If words were halved, such as gentle
men for example and used less often
in such activities as; policy debates, domestic feuds, jobapplications
and innercriticattacks, would more time exist for silence
and to listening for it?
I found a few minutes earlier
filled with silence,
at that time my mind paused its chattering ways
and half of me was able to observe the other.
It is something that I seek to do more often
as the experience offers respite from the
persistant need to be constantly explanatorial.
This need often occurs in the form of an internal competition,
where two voices and sometimes more, vie one against the other,
with selfcertified gladiatorial certainty.
One voice might, for example, say such a thing as:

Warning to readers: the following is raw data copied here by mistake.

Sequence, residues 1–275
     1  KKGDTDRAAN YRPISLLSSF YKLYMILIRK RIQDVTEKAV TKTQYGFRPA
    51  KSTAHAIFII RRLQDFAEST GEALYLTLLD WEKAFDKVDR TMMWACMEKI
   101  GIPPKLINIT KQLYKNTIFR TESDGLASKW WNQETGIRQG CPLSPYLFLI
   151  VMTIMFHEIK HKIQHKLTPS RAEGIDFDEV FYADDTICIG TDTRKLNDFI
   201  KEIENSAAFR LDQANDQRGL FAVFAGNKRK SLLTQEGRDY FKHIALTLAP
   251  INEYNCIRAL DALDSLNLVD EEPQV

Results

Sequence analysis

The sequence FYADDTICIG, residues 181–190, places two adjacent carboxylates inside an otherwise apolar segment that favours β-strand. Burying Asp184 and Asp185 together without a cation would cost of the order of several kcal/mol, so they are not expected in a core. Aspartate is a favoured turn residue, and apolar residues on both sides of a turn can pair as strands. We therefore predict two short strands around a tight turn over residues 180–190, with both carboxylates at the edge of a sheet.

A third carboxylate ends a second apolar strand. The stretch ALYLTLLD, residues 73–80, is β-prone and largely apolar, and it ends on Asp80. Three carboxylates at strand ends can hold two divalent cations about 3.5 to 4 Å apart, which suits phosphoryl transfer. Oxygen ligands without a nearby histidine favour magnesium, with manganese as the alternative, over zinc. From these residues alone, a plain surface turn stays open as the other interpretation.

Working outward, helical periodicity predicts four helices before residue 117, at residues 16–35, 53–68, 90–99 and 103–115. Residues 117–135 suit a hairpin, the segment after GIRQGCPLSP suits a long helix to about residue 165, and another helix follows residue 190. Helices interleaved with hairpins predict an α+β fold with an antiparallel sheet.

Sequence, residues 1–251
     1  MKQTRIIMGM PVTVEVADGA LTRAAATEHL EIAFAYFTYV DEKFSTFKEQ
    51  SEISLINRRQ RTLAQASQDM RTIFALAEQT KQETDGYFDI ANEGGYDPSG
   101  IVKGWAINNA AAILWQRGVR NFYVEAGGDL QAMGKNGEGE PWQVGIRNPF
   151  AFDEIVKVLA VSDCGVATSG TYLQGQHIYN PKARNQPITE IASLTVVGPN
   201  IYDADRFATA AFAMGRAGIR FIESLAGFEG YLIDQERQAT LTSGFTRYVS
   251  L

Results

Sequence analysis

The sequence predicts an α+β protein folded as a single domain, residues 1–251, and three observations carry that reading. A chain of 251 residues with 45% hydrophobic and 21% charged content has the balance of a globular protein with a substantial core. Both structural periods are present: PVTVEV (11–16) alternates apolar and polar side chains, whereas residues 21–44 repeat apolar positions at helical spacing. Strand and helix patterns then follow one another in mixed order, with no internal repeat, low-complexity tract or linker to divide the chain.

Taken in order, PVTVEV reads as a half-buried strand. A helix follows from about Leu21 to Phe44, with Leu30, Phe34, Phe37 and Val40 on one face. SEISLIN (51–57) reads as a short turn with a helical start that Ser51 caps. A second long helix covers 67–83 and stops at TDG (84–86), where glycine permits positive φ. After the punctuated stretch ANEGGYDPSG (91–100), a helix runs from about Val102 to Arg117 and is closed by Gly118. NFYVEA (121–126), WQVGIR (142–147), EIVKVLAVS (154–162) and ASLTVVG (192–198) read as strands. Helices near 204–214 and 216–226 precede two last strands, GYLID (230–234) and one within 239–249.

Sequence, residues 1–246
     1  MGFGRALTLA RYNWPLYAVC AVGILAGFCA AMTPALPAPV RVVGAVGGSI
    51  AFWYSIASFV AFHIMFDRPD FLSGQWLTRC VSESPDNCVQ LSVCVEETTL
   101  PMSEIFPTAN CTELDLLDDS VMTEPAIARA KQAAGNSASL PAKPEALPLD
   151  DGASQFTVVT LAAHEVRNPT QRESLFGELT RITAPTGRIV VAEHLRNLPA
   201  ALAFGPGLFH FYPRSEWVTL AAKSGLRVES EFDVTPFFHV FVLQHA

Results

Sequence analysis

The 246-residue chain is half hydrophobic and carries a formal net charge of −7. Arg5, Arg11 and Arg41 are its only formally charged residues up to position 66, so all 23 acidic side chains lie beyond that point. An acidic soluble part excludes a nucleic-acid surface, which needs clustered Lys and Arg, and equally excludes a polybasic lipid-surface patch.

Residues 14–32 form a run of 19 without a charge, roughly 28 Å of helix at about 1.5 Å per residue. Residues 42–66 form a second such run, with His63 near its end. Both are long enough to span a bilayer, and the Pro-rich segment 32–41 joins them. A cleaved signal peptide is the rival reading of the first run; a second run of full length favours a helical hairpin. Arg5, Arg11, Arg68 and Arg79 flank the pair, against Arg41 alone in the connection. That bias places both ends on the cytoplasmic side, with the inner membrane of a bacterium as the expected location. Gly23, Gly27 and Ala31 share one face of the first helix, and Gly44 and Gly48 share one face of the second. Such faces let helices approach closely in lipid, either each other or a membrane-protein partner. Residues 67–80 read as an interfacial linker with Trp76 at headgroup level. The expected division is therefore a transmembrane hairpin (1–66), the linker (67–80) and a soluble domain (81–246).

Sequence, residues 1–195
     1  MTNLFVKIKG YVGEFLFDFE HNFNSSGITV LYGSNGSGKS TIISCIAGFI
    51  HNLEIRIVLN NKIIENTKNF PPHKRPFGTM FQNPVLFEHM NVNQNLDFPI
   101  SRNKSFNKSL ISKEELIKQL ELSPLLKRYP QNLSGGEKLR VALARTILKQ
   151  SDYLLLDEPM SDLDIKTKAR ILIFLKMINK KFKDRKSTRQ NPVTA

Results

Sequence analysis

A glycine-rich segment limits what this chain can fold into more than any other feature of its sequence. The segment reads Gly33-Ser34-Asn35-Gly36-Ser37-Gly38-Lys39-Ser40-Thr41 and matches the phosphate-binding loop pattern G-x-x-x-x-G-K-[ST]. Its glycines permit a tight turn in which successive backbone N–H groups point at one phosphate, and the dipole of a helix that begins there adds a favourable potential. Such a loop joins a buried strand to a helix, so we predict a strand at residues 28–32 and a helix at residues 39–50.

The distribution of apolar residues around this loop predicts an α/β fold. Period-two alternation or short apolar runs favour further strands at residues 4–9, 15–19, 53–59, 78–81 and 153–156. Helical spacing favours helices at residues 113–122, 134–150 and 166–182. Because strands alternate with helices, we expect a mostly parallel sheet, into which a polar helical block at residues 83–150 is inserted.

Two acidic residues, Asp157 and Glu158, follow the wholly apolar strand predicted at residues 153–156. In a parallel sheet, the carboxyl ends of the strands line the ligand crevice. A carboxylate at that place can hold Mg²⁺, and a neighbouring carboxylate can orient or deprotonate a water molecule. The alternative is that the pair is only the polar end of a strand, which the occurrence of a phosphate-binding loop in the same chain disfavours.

'it is not good enough to rest upon your laurels – you must continue
to be loquacious and insightful, speak up, be cleverer'.
(Note the oftenused expression of 'you must', this a favourite. Usually
followed by: 'you should, they should and he or she should'.)
Another voice will counter; 'let him be, let him be simple, if he wants
to stop for a minute let him'. This plaintiff voice however, will most
likely be overshadowed by another who will shout, calling me
to re-use words from my history, demanding that I repeat and rehash
them until I've succeeded in doubling and redoubling their meaning
into a meaningless re re un re rehearsal of something that falls out
in the unresolved shape of complexity and disturbance.
The silence that I yearn for suggests to me
to continue the halving of words.
To play with them a while:
Thin king. Hat red. His story. Mind full. Am bit. Not ice.
And to continue to halve by half,
with the half that observes the halving half,
to find just a word to hold the silence?